Wilmington Shutdown Reaches Down Under

Australians eye early DTV transition test
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Five TV stations in Wilmington, N.C., are building a global audience as they prepare to make history Sept. 8. At noon on Monday, those stations will permanently power down their analog transmitters and broadcast only in a digital format. The event was organized to give federal regulators a glimpse of how the Feb. 17, 2009 nationwide analog shutdown will play out.

“Next Monday, U.S. public officials and broadcasters will gather in Wilmington, North Carolina, with little more to do than wait for the phones to ring,” Amy Schatz wrote in the Business section of The Australian. “In downtown Wilmington, Federal Communications Commission Chairman Kevin Martin and other public officials are expected to wait for the calls to come in. Jangling phones would indicate that the nationwide end of the analogue television era scheduled for February might bring trouble.”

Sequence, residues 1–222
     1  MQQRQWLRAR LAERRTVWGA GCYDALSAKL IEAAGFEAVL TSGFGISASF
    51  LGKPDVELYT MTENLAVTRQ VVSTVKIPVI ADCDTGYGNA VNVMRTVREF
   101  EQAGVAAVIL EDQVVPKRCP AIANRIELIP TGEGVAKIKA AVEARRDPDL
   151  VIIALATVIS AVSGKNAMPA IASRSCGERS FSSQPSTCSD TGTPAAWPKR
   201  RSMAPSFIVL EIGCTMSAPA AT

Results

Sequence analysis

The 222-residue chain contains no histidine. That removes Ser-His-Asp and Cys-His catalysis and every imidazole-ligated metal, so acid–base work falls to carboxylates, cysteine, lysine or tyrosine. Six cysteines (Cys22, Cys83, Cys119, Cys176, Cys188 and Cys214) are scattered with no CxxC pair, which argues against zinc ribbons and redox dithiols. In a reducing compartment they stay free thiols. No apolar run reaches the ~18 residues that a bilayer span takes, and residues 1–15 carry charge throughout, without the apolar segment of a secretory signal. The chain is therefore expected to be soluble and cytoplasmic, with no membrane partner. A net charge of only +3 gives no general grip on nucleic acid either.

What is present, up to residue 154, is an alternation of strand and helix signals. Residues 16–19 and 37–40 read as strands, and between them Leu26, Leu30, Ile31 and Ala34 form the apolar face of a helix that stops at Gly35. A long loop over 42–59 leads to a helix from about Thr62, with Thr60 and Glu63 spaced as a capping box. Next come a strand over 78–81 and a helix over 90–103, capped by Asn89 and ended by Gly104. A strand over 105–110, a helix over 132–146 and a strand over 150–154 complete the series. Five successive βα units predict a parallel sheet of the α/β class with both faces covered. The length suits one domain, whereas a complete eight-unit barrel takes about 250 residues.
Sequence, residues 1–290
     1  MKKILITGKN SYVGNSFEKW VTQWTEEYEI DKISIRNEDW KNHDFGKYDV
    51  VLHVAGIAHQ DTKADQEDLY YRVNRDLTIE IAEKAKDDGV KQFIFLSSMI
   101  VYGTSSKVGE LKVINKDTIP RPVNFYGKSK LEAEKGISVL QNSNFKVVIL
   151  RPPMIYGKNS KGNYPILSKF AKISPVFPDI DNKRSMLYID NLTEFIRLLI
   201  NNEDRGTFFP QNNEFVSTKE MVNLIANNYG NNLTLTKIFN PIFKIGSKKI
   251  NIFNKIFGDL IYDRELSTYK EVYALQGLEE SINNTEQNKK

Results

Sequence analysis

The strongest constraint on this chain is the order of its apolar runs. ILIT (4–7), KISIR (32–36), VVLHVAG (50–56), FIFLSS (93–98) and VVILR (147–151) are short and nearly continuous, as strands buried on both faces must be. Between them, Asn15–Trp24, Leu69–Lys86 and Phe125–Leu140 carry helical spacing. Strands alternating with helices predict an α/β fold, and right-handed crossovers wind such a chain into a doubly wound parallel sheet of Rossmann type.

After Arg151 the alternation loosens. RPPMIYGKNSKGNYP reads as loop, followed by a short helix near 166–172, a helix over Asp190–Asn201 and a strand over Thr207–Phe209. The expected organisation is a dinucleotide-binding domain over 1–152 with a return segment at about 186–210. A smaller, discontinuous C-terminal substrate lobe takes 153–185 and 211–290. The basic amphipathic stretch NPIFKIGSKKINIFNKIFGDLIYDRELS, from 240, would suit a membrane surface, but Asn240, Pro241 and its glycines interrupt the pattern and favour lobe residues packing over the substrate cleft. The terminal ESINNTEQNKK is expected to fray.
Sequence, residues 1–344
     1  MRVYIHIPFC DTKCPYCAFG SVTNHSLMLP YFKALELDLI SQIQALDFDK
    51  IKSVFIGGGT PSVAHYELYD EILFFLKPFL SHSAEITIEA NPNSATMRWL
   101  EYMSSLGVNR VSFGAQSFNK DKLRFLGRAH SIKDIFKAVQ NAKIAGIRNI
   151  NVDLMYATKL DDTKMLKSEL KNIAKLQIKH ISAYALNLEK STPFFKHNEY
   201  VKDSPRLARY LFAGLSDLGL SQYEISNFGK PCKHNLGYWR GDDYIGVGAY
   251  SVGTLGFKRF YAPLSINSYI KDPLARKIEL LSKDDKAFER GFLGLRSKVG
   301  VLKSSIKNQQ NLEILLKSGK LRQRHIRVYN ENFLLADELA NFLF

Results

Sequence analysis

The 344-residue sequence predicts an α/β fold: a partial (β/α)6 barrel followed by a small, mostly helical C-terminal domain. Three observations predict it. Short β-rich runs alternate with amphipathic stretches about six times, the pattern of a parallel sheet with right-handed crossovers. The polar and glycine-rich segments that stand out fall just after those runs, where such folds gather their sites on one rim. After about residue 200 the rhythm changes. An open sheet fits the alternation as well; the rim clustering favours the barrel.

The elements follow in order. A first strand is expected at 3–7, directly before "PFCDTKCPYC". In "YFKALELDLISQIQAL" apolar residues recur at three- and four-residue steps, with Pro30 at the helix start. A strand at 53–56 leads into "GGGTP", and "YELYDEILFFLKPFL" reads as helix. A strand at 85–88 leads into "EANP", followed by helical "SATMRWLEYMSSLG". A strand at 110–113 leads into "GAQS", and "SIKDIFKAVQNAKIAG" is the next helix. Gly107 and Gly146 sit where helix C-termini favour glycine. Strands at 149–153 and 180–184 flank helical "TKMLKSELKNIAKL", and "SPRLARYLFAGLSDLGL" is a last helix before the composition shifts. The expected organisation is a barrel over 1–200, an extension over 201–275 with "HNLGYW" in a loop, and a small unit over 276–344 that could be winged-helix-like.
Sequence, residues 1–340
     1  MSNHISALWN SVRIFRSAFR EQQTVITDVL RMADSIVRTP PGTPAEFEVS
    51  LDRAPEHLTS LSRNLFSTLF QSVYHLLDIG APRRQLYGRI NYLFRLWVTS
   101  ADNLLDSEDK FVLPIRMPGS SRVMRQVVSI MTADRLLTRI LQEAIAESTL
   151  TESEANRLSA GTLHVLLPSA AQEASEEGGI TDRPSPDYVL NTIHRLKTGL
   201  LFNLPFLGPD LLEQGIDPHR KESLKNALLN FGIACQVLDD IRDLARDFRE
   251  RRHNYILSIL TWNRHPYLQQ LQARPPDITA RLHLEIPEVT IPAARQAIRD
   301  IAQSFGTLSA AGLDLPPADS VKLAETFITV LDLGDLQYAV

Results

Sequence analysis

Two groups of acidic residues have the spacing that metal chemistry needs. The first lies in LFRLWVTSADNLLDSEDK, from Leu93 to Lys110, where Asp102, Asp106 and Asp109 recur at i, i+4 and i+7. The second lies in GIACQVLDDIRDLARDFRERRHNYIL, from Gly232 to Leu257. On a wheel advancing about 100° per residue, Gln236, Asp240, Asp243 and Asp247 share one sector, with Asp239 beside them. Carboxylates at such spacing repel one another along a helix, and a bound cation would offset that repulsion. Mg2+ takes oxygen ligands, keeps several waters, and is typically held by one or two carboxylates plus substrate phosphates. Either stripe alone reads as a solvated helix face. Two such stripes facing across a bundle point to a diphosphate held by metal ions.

The United States will not be the first nation to shut off its analog broadcasting system--the Netherlands, Germany, Sweden and the United Kingdom have started, but those countries elected to go region by region. Australia, Japan and members of the European Union are shooting to have transmitters shut down by 2012. The United Kingdom is in the last throes of its transition. Sweden expects to be done by the end of the year.

In the United States, more than 1,600 TV stations simultaneously will cut analog signals at midnight next Feb. 17. An estimated 15 percent of U.S. TV households rely exclusively on over-the-air signals for their service. The shutdown of the U.S. analog television system has no precedent in the nation“s history.